With the Black Lives Matter movement marking the onset of change across the US last year, many have been striving to keep the momentum going in their personal lives, businesses, and communities. Of course, many aspects of society are still a work in progress. Even in the field of wellness, there is an existing disparity in physical activity access across different groups. The Global Wellness Institute explains the issue of elitism and lack of inclusivity as a recurring problem of a wellness market pitched too narrowly to wealthy white individuals. Diversity and inclusion matter in every facet of life, but even more so in the wellness space, because it is something that is truly important for everyone.
The Beauty and Importance of Diversity
Diversity and inclusivity are words sometimes easily thrown around without people knowing the difference, especially when applied to real life. The FSU Diversity Office defines it as the range of human differences, including but not limited to race, ethnicity, gender identity, sexual orientation, age, social class, religion, among many others. Inclusion, on the other hand, is involvement and empowerment, recognizing everyone’s inherent worth and dignity.
Only having diversity as a goal can be harmful to BIPOC—treating different kinds of people like a checklist to tick off is a form of tokenism and performative activism. A true understanding of diversity and inclusivity must come from examining your biases and perception of the pedestal you’re standing on in life.
Jane Adamson’s article on wellness spaces highlights how making space for everyone fosters an environment for personal growth, learning, and confidence—all of which are important takeaways in wellness spaces. In a group with different bodies, backgrounds, and skills, each person can contribute their unique self and make for a richer wellness community.
What to Work On
Striving for representation at all levels of the organization should be a priority. In Beth Ruffin’s feature on inclusion as part of a company’s DNA, we encourage hiring for cultural fit instead of competency and creating a culture that welcomes people. This also goes for welcoming new members into the community. Putting diversity and inclusion into a concrete perspective; diversity is being invited in, inclusion is actually following up, getting to know their goals, assimilating them with the rest of the group, and actively working with them.
For instance, the commercial fitness sector is expanding its reach, but the primary target for most are still those belonging to more affluent, younger, whiter demographics, and those living in wealthy suburban areas. Wellness spending in the US is also substantially higher than in other parts of the world. Commercials, print, and online media also normalize a very white image of wellness which can send a strong message, especially to people at a young age outside that demographic. These are just some of the aspects of the wellness industry that calls to be rebalanced. It isn’t easy—but it’s also not impossible, as proven by these success stories.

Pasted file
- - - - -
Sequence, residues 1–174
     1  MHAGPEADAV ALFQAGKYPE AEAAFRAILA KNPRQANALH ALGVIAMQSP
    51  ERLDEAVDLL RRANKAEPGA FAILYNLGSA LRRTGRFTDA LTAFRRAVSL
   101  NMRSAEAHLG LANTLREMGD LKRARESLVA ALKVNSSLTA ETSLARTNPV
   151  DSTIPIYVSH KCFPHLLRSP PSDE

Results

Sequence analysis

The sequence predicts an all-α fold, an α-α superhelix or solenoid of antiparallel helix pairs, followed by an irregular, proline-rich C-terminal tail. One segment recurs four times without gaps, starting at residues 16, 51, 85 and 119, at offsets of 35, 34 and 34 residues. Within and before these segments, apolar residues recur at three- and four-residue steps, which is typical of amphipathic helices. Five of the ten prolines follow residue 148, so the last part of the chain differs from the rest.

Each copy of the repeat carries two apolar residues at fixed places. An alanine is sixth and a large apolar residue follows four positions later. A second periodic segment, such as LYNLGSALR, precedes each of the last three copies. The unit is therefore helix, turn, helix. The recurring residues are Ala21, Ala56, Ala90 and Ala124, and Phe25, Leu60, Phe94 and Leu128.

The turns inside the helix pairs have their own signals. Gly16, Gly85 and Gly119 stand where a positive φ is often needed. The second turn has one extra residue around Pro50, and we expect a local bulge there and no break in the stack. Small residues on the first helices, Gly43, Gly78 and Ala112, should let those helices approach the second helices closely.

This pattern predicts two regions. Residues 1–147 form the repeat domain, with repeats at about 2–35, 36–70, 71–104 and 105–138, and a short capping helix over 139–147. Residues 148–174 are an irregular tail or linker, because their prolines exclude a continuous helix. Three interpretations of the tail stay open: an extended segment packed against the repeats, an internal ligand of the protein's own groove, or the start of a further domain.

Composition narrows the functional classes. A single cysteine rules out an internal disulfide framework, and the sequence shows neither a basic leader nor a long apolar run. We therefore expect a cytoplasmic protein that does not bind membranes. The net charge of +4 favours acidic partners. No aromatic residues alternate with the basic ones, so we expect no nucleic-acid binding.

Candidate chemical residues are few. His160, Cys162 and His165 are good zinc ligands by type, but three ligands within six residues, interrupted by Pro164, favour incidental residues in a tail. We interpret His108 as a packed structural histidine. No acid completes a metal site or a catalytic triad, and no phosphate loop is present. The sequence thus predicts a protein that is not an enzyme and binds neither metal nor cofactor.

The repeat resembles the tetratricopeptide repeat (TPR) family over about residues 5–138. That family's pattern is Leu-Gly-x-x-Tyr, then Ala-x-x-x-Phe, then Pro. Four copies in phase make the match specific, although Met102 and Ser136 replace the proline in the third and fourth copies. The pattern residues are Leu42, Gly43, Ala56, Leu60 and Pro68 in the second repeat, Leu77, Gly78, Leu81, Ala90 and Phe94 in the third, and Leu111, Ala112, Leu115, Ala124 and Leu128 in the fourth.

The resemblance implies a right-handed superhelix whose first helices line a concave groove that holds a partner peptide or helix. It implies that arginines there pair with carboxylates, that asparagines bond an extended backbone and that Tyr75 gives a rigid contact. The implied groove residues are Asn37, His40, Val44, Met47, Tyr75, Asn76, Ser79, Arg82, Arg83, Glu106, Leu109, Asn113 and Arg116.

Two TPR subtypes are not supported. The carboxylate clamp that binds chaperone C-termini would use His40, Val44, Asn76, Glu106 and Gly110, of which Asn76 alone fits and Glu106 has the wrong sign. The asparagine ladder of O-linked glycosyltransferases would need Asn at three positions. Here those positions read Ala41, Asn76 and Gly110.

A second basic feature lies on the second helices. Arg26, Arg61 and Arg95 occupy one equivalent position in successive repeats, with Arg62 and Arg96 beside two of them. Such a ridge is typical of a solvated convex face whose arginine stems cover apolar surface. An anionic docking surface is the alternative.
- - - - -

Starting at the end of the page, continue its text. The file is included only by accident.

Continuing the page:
The Colorful Movement is one of them — a nonprofit organization that aims to bring diversity into the framework of yoga. Their vision is to increase the growth of black and brown leaders in the community. The organization works to provide resources such as mats, supplies, water bottles, and clothing to make it more convenient and affordable for people of color to practice.
Lauren Leavell talks about her experiences as a Black, body-positive female trainer in a predominantly thin and white industry. “I want people to know that all bodies can participate and enjoy fitness,” she says. And she isn’t alone; many other body-positive black trainers have initially felt both awkwardly visible and painfully invisible in spaces where they just wanted to feel confident. Now they are working to give people of all shapes and colors the acceptance that everyone deserves.
We can dream all we can about how the world can be a better place, but we mustn’t forget that it takes real work and a strong commitment to change to make a difference. It’s up to us to demand accountability, ensure accessibility, and interrupt injustice—especially in places where we foster health and wellness for everyone.
Written by: Amy Summers